that cost performance be monitored and reviewed at regular intervals. To measure cost
performance, planned value (or BCWS - Budgeted Cost of Work Scheduled) and earned value (or
BCWP - Budgeted Cost of Work Performed) must be in units of currency (the same units that actual
costs are measured.) In large implementations, the planned value curve is commonly called a
Performance Measurement Baseline (PMB) and may be arranged in control accounts, summarylevel planning packages, planning packages and work packages. In large projects, establishing
control accounts is the primary method of delegating responsibility and authority to various parts of
the performing organization. Control accounts are cells of a responsibility assignment (RACI) matrix,
which is the intersection of the project WBS and the organizational breakdown structure (OBS).
Control accounts are assigned to Control Account Managers (CAMs). Large projects require more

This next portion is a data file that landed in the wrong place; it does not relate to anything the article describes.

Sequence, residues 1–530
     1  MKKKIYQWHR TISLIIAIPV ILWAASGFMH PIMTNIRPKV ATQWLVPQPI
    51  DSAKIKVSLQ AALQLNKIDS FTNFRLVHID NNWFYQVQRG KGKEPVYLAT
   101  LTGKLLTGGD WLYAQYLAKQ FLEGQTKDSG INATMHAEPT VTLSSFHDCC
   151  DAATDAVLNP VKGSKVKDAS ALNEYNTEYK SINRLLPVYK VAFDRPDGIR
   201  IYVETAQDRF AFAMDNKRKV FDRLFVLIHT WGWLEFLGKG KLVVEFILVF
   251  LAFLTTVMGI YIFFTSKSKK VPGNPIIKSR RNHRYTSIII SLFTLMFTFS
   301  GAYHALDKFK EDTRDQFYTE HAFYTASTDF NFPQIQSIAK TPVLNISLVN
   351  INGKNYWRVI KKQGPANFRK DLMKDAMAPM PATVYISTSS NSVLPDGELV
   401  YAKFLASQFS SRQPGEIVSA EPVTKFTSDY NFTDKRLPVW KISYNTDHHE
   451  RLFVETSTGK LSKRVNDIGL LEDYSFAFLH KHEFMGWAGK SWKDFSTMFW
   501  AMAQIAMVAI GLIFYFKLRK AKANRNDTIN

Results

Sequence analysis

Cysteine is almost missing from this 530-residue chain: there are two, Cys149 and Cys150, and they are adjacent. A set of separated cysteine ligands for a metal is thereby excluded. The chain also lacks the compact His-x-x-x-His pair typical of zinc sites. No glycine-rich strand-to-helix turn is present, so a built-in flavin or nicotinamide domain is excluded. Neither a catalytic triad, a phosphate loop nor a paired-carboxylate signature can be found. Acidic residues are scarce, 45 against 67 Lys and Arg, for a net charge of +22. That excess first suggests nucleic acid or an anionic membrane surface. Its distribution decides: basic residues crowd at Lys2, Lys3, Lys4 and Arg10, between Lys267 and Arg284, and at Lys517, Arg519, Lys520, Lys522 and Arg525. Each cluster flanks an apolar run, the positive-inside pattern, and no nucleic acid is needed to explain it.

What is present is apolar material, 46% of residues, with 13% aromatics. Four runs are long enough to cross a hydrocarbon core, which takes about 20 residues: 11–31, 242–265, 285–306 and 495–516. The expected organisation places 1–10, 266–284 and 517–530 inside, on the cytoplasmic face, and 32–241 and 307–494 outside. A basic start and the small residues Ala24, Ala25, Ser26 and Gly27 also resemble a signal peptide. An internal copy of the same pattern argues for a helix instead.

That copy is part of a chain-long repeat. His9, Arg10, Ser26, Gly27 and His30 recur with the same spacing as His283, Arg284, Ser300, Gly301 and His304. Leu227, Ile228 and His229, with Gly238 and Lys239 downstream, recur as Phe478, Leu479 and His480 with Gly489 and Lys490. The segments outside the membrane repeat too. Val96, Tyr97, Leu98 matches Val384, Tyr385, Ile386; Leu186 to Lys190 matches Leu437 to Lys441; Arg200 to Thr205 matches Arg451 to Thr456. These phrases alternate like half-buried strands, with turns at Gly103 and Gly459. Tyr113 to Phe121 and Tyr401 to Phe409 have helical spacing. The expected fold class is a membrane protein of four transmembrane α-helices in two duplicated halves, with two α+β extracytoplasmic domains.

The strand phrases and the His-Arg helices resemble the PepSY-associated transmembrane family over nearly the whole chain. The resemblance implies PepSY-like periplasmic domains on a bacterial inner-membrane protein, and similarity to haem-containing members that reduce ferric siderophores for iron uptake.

elaborate processes for controlling baseline revisions, more thorough integration with subcontractor
EVM systems, and more elaborate management of procured materials.
In the United States, the primary standard for full-featured EVM systems is the ANSI/EIA-748A
standard, published in May 1998 and reaffirmed in August 2002. The standard defines 32 criteria for
full-featured EVM system compliance. As of the year 2007, a draft of ANSI/EIA-748B, a revision to
the original is available from ANSI. Other countries have established similar standards.
In addition to using BCWS and BCWP, prior to 1998 implementations often use the term Actual Cost
of Work Performed (ACWP) instead of AC. Additional acronyms and formulas include:
Budget at completion (BAC): The total planned value (PV or BCWS) at the end of the project. If a
project has a Management Reserve (MR), it is typically not included in the BAC, and respectively, in
the Performance Measurement Baseline.
Cost variance (CV)

CV greater than 0 is good (under budget).

Cost Performance Index (CPI)